IATB – International Art Textile Biennale 2023
Winners of the Awards:
Major Prize: Josephine Jakobi, Australia, The Huntsman and I
Glenys Mann Award of Excellence: Claudia Mazzotta, Australia, Labouring over Maternal Care
Australian Excellence Award: Brenda Livermore, Fire Brand
International Excellence Award: Katherina Sommer, Mug Women II
Artist’s Directory on the Fibre Arts Website
Glenys Mann founder of Fibre Arts Australia
The International Art Textile Biennale 2023 seeks to exhibit the best of contemporary art textiles and this the second Biennale, reflects a wide range of works related to the textile medium. The goal of the exhibition is to include innovative work rooted primarily in textile as well as art that explores unexpected relationships between textile and other creative disciplines.
Art Textiles have been enjoying a resurgence after decades of being derided, ignored, or often referred as being ‘craft’ or ‘Women’s work’, in other words “not real art”.
The importance of textiles is being reinstating by way of incredible force and ingenuity, and an intelligent dismantling of established art world ‘rules’, Viewers will be captivated and engaged by the rhythm of the maker and excellence that is exhibited. The selected works in this biennial award pushes previously held notions of textile/fibre, opening a dialogue about what it is to be a textile artist that makes an expression and commentary on content and concept in the 21st Century.
Now textile-based art becomes a powerful and accessible medium in the examination of identity, society, and politics.
This exhibition begins by taking textiles’ artistic legitimacy for granted, a point proven many times over throughout its long history, selecting some of the best and brightest artists working in the world today.
Fibre Arts Australia and the founder, Glenys Mann is committed to developing this significant award and with it an original vision and intentions so that Art Textile practitioners continue to expand, grow, and inspire.
Opening night speech by Sue Wood, Finalists Judge.
It is an honour and privilege to be part of this wonderful project. Congratulations to Glenys Mann and Fibre Arts Australia for their vision in establishing the International Art Textile Biennale and to East Gippsland Art Gallery for supporting that vision. So many exciting arts initiatives originate in regional centres, perhaps because we are so willing to take risks. It is also great to see the number of venues the Biennale will travel to. This is a wonderful opportunity to showcase art textiles to a broad audience.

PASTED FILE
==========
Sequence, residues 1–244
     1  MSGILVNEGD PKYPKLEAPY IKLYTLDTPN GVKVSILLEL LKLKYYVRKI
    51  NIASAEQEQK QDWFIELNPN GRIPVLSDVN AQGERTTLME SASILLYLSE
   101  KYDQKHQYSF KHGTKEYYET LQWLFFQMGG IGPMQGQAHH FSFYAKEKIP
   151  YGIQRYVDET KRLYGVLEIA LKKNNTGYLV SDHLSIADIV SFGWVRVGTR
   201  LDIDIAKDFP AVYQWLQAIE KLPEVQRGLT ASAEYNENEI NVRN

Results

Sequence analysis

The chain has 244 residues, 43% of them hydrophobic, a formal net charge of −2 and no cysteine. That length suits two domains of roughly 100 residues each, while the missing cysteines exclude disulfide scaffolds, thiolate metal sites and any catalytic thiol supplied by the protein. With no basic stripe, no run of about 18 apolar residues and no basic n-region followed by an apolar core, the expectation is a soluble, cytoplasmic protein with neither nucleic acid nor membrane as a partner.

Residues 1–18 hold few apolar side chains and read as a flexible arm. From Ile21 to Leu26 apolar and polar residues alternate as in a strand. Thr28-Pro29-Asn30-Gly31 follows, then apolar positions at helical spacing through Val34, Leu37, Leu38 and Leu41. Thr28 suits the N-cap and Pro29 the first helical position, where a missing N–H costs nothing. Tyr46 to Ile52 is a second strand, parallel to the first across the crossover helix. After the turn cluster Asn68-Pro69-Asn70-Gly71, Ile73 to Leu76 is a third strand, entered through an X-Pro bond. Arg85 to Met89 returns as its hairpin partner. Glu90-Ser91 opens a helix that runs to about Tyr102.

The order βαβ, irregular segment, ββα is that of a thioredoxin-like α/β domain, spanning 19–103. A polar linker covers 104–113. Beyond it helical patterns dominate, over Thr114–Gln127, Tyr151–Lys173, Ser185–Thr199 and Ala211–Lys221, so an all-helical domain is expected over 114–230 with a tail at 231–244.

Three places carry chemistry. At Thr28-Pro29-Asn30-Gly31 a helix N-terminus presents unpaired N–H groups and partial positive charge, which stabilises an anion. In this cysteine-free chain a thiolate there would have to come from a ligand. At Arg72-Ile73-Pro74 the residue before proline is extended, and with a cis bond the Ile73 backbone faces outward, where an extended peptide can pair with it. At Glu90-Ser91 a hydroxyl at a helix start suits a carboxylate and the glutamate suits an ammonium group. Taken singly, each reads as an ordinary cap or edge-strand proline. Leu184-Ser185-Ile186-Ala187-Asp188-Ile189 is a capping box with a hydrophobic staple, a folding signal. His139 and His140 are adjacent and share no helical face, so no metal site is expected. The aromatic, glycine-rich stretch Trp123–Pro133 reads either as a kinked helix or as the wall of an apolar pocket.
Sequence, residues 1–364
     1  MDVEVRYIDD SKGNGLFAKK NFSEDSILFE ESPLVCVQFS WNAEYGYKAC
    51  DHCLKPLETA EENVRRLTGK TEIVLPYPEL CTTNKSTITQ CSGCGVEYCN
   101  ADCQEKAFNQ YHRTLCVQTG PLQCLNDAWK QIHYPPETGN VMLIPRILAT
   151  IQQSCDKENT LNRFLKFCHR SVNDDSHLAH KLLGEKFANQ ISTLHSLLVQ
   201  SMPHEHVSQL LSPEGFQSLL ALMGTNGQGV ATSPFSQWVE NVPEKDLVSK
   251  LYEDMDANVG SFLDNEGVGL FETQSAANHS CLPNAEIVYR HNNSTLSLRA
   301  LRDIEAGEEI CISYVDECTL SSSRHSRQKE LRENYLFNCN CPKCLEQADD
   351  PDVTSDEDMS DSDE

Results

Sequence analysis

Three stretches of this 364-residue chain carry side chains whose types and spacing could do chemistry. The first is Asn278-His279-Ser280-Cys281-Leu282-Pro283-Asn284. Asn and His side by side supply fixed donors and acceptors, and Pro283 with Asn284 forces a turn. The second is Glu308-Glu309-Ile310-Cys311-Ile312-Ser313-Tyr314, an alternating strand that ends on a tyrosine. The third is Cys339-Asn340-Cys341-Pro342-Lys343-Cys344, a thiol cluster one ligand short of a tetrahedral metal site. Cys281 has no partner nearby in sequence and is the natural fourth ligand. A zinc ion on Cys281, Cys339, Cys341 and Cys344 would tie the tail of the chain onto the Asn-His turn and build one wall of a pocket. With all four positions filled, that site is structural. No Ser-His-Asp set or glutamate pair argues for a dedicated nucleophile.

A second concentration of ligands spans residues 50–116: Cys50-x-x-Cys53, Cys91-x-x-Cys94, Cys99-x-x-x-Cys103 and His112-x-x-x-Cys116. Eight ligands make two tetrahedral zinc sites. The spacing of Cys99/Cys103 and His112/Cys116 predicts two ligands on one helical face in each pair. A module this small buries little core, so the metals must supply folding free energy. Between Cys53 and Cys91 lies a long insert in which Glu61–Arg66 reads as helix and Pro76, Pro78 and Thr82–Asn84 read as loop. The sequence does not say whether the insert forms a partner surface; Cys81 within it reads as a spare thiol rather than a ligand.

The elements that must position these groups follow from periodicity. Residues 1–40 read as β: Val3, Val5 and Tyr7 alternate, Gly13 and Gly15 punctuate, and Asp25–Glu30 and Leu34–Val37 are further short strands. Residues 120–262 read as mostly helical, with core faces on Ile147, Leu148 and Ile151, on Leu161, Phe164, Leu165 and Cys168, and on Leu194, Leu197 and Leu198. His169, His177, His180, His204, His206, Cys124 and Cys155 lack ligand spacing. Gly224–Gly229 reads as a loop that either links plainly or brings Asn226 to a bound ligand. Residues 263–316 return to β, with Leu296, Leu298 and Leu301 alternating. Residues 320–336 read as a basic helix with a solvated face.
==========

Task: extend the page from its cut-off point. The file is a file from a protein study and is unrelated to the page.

It is a significant achievement to establish a competition and exhibition that attracts entries from across Australia and around the globe. As someone who’s been involved in the Australian textile community for a long time there’s something extremely satisfying about seeing international artists submitting and sending work to an Australian exhibition. For so long it’s been the other way around.
The artists in this show use textile materials, processes and sensibilities to explore a range of contemporary concerns, both personal and political. The works engage with questions of social justice, environmental concerns, the challenges of living in an increasingly fractured and unstable world. Nothing is off limits. For a maker, the medium of textiles offers unlimited opportunities for expression: colour, texture, multiple ways of working. I think you can see the pleasures of making in the works around you. But there’s another reason to use the textiles. They are central to the human experience. We all experience textiles in one form or another every day of our life. This familiarity is a reason why the medium has been sidelined in the past. But it is also a strength. It means that layers of meaning can be embedded in a textile work for the discerning viewer to uncover. Textiles seduce the viewer, drawing them in and inviting them to contemplate and respond to complex and challenging ideas. And that’s what the works in this exhibition do.
Nearly 20 years ago I wrote a doctoral thesis on embroiderers in NSW in the years between 1960 and 1975. They were women interested in modern approaches to embroidery. They played a role in the development of the textile community in Australia and one of their dreams was to see textiles in general, and embroidery in particular, accepted as art. Standing here, surrounded by such varied and engaging work in an exhibition of international standing there’s no question in my mind that their dream is now a reality.